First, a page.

Using Feedback to Address Difficulties

A colleague and I played phone tag for a few weeks trying review results of a child I had evaluated. When we finally connected, I was relieved to learn that the child was in very capable hands and that the parents were equally encouraged by what they were witnessing in their child. This process got my colleague and I talking about what had transpired in my feedback with this family that they decided to take our recommendations this seriously. We arrived at a few principles that I think are helpful across many settings.

  1. Questions Answered: Patients and their loved ones typically approach providers chiefly because they would like to get relief from something causing them distress, whether a physical, emotional, cognitive, or academic matter. At some point in the relationship, providers need to give clear answers to patients and their families. In the instance where my colleague and I recently collaborated, I recalled that even the child sat across from me nodding their head in agreement with our findings and recommendations. The questions that we answered included three basic issues: “What is going on? Why is it happening? What can be done about it?”
  2. Experiences Normalized: Clients and their loved ones take great comfort knowing that their situation, although quite challenging, is likely not an isolated occurrence – meaning, “you are not alone.” This knowledge that others have encountered similar struggles, and that a considerable amount of research has gone into finding solutions, often brings relief. I can think of no better illustration than my young client asking, “so you mean I’m not some crazy psycho?” In life, it is easy to think that we are alone in our struggles, whereas there are others shouldering similar difficulties. Feedback allows providers to help clients recognize that there is a vast community of others successfully working through situations that are somewhat close to the clients’ experiences.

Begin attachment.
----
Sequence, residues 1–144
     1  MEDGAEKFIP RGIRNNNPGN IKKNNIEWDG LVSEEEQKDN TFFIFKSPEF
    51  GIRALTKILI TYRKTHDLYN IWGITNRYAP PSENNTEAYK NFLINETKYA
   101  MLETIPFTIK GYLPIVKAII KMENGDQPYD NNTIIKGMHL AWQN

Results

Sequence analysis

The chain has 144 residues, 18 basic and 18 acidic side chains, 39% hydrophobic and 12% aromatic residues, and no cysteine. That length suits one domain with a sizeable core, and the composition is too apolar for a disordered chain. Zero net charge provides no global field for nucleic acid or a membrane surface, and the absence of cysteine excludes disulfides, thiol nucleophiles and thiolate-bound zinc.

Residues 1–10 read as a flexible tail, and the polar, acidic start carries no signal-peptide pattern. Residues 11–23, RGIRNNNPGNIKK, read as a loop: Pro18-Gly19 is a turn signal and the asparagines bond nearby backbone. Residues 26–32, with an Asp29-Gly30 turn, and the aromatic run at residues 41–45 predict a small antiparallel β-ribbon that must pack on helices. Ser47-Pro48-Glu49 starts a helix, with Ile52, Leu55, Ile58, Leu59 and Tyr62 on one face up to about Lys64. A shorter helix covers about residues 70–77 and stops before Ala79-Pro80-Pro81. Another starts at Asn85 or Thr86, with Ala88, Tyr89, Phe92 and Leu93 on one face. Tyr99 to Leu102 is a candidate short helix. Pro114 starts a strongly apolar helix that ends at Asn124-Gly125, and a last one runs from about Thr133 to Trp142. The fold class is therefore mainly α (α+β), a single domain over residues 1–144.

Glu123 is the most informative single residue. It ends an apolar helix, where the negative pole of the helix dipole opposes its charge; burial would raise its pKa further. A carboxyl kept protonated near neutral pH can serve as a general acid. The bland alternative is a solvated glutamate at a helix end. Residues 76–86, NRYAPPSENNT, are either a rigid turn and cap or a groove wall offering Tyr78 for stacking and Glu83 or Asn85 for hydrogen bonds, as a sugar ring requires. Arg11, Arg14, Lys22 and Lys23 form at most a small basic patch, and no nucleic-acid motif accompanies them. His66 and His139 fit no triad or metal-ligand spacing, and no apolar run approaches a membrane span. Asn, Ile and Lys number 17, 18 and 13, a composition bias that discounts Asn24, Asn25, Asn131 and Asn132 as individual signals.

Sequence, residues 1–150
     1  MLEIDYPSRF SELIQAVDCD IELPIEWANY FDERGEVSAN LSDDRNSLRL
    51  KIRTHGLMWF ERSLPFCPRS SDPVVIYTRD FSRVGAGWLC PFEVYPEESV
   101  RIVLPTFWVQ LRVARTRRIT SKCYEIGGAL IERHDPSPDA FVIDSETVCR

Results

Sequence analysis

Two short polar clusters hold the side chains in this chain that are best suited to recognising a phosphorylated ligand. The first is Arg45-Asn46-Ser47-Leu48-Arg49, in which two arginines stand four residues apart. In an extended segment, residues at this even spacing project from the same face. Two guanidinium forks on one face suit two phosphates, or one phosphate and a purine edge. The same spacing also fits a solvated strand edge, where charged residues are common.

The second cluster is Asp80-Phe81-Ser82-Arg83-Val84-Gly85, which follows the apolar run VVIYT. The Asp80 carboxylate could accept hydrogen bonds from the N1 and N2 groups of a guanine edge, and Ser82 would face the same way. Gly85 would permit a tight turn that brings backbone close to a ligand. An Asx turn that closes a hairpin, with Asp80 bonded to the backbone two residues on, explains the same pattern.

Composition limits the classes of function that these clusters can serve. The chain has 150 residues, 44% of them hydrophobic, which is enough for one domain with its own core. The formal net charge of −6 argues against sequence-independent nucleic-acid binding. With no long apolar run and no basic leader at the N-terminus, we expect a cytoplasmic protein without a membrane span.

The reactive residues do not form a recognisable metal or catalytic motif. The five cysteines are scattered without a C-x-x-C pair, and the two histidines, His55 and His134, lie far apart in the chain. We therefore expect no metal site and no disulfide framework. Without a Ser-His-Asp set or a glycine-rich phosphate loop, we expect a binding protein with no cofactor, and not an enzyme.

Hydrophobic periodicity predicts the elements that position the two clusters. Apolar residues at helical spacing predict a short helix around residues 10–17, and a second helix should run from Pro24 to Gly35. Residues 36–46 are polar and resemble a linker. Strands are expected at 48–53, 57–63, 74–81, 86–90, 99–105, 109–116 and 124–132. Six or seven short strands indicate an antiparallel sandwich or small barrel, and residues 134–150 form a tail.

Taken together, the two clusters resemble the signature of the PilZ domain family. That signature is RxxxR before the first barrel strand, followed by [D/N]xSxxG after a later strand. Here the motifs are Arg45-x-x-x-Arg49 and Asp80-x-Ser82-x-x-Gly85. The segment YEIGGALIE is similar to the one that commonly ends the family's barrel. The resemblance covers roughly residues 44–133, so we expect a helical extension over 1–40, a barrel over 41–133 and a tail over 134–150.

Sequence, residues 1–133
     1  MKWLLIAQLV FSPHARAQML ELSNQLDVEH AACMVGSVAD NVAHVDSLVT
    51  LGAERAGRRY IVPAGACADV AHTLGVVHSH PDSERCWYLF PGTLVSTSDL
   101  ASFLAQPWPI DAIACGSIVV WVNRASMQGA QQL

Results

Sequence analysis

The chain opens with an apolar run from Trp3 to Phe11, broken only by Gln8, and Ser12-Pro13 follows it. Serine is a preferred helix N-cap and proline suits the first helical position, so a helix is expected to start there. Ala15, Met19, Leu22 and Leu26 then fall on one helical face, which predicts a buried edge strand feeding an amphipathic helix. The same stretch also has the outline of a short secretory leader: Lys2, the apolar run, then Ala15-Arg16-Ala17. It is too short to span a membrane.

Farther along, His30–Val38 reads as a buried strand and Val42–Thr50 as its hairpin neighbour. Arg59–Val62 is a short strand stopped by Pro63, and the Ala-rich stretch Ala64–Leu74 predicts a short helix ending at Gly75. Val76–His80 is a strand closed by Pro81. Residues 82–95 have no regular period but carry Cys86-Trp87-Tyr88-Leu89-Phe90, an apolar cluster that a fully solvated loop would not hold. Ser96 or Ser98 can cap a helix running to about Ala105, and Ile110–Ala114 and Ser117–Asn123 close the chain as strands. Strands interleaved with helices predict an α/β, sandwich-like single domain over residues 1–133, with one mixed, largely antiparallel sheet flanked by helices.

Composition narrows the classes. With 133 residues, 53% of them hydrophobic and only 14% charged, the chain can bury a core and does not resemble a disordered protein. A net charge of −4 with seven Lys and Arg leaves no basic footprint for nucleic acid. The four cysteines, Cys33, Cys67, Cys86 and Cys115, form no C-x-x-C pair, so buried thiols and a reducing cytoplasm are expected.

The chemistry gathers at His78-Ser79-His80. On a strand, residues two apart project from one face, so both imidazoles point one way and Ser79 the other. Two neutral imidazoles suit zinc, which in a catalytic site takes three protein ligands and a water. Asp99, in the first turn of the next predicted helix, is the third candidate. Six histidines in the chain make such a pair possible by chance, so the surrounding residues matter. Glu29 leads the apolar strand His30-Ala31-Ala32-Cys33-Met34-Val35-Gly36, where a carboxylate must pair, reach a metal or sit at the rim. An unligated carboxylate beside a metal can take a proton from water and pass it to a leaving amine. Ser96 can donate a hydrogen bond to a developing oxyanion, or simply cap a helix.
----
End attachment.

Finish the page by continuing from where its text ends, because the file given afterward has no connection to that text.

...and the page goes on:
3. Hope Instilled: For me as a neuropsychologist, one of the greatest delights of our work is to watch the excited faces of individuals taking encouragement from feedback. I recall a 12-year-old boy who arrived at feedback with his dad, his face showing considerable disinterest in being back at our office. As we talked about his strengths, he wiped his hair off his face, sat up, and said to his dad, “I always knew I was smart, but something is getting in the way.” The change in demeanor said it all. We, as providers, carry the ethical responsibility of communicating our results in simple, clear tones that allow for everyone – no matter their background – to make sense of their results. Further, if we are fortunate, we may witness all kinds of positive changes right before our own eyes.


Whether patients come to our office or visit a different provider, the least they can expect is clear communication and recommendations about their needs.

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